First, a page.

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Driving an entire organization toward a single objective is an eminently complex undertaking, and one made easier with leadership commitment to strategic planning.
Done well, strategic planning enables organizations to develop new solutions, navigate uncertainties, optimize resources and focus their efforts, delivering a competitive advantage with real value for members.
Strategic planning is best accomplished by the board and management working together, though the specific process followed varies.
“Progressive boards want to be included earlier in the process in order to contribute their own input about long-term strategic direction of the organization,” says Leslie Hilton, FCCS Vice President of Governance/Board Development. “Then, it’s up to management to present their draft strategic plan based on that input, and it’s the board’s role to provide support and challenge to help finalize the plan, and ultimately approval.”
The value of strategic planning involving boards and executive leadership, as well as other managers, employees and outside experts as warranted, can’t be understated. Done well, it delivers a competitive advantage by supporting key business concerns.
Alignment and Focus
Early in the strategic planning process, the board and management will come to alignment in terms of risk tolerance and positioning strategies. Within these parameters, the strategic plan then establishes clear direction to employees in identifying objectives and the tactics to achieve them. With the proper communication of the plan throughout the organization, every employee can understand their role and the overall plan, contributing fully and working together efficiently toward common goals.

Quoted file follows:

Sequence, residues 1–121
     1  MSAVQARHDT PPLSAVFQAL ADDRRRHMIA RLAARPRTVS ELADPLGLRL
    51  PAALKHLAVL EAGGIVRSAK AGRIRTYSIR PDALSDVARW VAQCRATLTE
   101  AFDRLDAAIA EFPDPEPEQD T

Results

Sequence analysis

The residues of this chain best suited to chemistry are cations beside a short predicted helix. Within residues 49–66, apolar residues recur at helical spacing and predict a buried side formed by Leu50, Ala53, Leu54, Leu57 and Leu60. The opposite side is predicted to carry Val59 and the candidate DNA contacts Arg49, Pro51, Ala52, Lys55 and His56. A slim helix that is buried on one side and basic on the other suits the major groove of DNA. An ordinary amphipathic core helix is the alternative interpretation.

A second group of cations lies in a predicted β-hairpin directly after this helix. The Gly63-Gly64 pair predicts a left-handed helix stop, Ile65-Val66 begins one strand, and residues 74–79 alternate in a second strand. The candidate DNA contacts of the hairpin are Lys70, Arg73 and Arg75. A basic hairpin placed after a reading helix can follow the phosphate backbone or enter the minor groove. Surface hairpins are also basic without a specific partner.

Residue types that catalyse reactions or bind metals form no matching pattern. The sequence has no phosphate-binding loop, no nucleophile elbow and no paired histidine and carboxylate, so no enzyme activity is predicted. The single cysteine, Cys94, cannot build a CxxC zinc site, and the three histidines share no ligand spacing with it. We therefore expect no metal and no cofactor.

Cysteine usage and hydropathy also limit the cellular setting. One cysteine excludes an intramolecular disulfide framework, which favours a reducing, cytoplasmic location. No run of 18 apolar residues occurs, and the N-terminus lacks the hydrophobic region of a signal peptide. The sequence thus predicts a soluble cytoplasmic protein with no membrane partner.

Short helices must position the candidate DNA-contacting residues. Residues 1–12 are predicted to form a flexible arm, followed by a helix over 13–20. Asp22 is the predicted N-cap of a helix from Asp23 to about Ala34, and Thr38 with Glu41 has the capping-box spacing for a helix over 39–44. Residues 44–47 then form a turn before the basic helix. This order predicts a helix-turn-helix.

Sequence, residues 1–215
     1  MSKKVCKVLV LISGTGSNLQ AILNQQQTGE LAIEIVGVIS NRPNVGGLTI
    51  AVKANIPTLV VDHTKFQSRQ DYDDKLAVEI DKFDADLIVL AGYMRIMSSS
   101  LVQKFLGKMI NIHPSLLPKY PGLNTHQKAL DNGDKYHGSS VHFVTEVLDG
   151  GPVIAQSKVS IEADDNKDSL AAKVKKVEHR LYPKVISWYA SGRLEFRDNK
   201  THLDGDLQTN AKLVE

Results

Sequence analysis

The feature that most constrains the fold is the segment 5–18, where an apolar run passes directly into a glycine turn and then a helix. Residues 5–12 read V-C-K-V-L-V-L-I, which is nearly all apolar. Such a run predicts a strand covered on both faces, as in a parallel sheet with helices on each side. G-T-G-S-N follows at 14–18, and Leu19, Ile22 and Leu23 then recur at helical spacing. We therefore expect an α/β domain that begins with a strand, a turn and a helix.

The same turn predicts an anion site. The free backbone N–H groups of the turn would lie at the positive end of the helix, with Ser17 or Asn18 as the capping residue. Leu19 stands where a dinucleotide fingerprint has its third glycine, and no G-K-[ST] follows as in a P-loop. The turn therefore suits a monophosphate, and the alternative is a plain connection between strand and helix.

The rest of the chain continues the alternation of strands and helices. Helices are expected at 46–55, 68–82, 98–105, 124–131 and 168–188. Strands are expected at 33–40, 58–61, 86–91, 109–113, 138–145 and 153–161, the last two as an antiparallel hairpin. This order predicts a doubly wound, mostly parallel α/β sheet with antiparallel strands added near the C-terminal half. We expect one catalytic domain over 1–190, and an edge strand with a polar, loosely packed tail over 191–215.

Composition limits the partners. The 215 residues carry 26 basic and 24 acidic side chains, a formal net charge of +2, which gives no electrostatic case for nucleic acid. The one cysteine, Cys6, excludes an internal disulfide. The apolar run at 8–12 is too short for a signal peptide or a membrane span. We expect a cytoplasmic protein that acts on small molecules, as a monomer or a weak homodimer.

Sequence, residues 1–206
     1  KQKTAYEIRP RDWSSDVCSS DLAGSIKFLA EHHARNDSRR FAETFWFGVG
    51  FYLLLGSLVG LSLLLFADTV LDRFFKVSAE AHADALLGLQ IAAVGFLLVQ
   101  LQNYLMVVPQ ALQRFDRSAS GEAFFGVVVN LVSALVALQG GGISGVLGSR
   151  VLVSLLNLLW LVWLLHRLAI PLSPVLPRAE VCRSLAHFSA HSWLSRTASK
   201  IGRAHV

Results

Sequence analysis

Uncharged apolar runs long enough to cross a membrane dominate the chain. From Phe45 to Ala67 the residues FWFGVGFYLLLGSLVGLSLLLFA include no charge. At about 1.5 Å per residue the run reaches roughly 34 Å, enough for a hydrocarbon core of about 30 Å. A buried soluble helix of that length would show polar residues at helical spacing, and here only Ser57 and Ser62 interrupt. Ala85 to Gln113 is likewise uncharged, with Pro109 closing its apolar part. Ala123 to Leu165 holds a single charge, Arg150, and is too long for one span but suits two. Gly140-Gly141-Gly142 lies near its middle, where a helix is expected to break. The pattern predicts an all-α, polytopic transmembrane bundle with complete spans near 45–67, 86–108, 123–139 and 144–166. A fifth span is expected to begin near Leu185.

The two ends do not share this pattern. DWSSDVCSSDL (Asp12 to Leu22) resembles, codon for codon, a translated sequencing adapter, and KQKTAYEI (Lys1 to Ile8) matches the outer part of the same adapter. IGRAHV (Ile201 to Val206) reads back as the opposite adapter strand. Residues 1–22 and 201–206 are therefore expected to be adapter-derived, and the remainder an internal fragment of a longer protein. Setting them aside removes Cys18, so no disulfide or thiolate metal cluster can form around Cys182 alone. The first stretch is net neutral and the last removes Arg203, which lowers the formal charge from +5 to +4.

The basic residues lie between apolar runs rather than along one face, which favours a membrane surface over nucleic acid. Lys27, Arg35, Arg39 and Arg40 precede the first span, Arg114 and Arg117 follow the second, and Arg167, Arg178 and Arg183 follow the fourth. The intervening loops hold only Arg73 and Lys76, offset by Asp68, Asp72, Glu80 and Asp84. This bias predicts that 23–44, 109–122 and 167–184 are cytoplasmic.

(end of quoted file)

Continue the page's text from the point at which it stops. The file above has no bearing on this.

“A clearly articulated strategy that’s been fully communicated enables employees to understand their role in achieving the organization’s strategy and target their activities and decisions accordingly,” says Jean Cantey Segal, Chief Learning Officer at FCCS. “This alignment of purpose and focus on the strategic goals positions organizations to win in the marketplace.”
While developing the strategic plan, leaders should consider the talent and leadership that will be needed to execute the strategic initiatives, and ensure leadership succession is in place so progress can continue uninterrupted. Systems, processes and procedures should also be incorporated into the plan, with investments targeted to support the right initiatives at the right time. More generally, leaders should consider whether the strategic direction is aligned with the current culture, or whether a culture change is needed.
“Allocating resources is an important part of building the strategic plan, including prioritizing where and when capital is invested in new initiatives. This generally comes as planning teams begin to look at the execution of strategies they’ve identified” says Jay Lux, FCCS’ Vice President of Leadership and Organizational Development. “This clear delineation of which projects are happening, and when, creates greater clarity – employees at all levels will understand the strategic direction and which initiatives will be started their contribution to the organization’s future.”